Portrait of Shun'oku Myōha

Artist: Unidentified Artist Japanese

Period: Nanbokuchō period (1336–92)

Date: ca. 1383

Culture: Japan

Medium: Hanging scroll; ink, color, and gold on silk

Dimensions: Image: 45 5/8 × 20 1/2 in. (115.9 × 52.1 cm)
Overall: 79 × 29 3/4 in. (200.7 × 75.6 cm)
Overall with knobs: 79 × 31 5/8 in. (200.7 × 80.3 cm)

Classification: Paintings

Credit Line: Gift of Sylvan Barnet and William Burto, 2007

Accession Number: 2007.329


The Zen priest Shun’oku Myōha (1311–1388) is shown seated cross-legged in a red lacquer chair with his shoes placed on a footrest. Shun’oku’s illustrious monastic career included top administrative positions, abbotships at major monasteries, and close relationships with the first and third Ashikaga shoguns. Zen portraits of this type, called chinsō, were disseminated among followers and served a ritual function in funerals and memorial services. The bamboo staff signifies authority, and Shun’oku’s decorative robes and kesa (monk’s vestment) are important signs of rank. Shun’oku inscribed his portrait with a poem:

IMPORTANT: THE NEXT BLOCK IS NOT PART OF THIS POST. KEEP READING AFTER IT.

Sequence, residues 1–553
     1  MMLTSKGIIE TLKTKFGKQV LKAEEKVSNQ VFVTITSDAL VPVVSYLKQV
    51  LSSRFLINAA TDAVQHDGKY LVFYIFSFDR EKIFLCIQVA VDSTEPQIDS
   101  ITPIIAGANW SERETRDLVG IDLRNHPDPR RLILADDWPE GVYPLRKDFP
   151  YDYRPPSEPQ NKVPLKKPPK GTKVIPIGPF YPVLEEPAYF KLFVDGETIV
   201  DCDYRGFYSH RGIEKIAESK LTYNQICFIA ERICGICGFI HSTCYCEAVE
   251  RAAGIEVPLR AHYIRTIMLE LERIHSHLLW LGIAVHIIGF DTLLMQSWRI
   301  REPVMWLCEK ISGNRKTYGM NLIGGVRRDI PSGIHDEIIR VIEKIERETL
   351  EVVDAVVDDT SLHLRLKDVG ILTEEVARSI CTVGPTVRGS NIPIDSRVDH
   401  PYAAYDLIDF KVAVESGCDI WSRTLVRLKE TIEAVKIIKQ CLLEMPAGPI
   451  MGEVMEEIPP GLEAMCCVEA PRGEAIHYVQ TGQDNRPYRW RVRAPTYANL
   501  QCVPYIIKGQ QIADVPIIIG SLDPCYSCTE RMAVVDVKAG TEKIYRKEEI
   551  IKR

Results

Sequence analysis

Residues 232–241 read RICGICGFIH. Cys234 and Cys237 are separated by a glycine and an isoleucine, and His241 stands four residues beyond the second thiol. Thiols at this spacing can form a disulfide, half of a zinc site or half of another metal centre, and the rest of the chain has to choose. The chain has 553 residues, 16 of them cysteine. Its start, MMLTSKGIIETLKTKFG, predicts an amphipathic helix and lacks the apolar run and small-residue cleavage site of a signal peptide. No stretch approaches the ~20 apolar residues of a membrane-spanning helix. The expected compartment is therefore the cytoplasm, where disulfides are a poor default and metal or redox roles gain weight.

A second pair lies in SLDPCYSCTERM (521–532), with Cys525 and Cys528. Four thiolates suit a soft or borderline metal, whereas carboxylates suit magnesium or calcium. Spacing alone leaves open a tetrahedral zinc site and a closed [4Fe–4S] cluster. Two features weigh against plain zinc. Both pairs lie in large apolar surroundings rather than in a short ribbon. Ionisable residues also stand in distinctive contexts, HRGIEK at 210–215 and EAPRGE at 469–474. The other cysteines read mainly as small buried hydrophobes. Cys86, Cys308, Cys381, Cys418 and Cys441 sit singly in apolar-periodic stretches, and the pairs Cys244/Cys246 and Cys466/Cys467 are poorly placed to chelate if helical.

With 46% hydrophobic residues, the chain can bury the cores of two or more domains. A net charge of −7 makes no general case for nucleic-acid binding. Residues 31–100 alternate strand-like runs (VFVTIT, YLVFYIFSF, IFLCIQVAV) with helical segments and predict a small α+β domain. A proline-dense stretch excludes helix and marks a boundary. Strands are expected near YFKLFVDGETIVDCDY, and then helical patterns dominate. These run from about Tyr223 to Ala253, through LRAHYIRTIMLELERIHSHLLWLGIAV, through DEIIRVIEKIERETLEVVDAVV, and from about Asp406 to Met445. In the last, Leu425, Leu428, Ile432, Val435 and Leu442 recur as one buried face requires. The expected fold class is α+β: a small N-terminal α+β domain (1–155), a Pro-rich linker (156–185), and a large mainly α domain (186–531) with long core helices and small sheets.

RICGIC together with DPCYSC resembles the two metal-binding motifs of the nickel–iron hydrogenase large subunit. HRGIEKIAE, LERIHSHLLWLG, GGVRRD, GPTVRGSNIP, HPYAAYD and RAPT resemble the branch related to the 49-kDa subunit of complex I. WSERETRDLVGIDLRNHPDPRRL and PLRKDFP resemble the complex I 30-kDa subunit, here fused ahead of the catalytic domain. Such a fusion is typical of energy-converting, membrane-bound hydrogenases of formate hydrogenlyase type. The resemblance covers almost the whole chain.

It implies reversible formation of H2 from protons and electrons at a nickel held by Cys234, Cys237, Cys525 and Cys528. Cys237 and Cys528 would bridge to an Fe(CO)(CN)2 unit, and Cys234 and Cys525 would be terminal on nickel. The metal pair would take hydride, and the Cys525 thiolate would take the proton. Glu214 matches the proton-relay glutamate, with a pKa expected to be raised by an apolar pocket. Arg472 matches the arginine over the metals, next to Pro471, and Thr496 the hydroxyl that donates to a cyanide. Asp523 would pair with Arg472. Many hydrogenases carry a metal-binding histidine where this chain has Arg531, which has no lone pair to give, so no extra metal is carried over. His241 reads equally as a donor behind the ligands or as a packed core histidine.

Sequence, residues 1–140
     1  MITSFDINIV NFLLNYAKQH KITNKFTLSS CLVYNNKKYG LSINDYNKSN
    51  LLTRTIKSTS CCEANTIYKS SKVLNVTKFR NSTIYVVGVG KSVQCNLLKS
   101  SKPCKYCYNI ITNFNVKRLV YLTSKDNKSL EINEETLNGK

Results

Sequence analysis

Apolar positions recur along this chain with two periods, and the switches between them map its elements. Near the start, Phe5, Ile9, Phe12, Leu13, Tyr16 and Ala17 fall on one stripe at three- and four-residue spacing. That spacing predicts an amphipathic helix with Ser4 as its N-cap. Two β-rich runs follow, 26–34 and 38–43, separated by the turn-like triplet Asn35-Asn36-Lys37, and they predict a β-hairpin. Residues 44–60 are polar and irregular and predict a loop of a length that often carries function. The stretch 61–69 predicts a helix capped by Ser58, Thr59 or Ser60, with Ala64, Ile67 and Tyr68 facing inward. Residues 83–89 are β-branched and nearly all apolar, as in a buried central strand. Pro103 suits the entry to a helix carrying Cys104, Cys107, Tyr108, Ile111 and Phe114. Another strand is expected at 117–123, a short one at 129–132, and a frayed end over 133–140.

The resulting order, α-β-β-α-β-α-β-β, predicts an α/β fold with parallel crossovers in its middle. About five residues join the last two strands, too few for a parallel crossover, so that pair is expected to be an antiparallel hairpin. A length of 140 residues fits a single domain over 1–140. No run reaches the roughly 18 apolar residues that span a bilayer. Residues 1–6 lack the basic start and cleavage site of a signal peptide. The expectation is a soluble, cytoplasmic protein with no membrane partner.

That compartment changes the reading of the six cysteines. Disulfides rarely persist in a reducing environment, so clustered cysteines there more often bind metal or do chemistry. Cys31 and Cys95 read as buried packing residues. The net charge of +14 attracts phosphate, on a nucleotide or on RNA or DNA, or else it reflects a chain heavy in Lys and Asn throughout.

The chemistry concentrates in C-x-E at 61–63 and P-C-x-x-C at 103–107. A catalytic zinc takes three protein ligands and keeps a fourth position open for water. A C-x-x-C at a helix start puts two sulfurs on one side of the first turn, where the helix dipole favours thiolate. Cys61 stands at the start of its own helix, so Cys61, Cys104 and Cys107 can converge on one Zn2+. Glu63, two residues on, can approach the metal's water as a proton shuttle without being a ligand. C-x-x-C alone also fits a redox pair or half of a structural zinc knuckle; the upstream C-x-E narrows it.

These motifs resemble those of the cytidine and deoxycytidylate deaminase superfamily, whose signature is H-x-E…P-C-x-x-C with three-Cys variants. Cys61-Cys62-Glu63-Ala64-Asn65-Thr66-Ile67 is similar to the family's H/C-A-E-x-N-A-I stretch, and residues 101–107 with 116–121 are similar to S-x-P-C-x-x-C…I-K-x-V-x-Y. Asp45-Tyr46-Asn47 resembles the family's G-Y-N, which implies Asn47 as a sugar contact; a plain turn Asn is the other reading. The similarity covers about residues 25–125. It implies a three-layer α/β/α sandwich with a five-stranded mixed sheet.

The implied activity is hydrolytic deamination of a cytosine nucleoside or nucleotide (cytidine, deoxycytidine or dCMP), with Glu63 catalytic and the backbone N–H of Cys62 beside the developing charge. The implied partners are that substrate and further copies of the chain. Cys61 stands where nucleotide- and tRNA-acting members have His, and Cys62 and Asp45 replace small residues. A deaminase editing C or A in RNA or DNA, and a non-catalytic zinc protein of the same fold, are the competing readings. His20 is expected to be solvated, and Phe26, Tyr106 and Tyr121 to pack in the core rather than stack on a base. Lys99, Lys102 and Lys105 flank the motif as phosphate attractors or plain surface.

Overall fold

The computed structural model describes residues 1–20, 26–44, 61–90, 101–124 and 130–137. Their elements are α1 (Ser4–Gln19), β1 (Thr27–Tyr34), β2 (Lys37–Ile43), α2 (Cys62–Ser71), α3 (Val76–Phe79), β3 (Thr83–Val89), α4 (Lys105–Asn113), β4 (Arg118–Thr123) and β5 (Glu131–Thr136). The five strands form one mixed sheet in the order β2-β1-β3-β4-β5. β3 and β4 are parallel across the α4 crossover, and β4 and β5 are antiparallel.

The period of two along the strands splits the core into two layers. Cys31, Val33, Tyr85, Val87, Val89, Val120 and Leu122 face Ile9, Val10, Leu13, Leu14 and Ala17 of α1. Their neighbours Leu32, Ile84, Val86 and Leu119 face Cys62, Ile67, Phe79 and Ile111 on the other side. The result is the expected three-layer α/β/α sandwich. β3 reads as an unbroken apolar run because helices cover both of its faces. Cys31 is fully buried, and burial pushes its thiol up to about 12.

There are no eyes atop the head.
There are eyebrows below the chin.
This is everything; this is nothing.
I also could not become a phoenix.
Inscribed by Myōha of Tenryū[ji] for [?] at Muryōjuin
—trans. Anne Nishimura Morse and Samuel Morse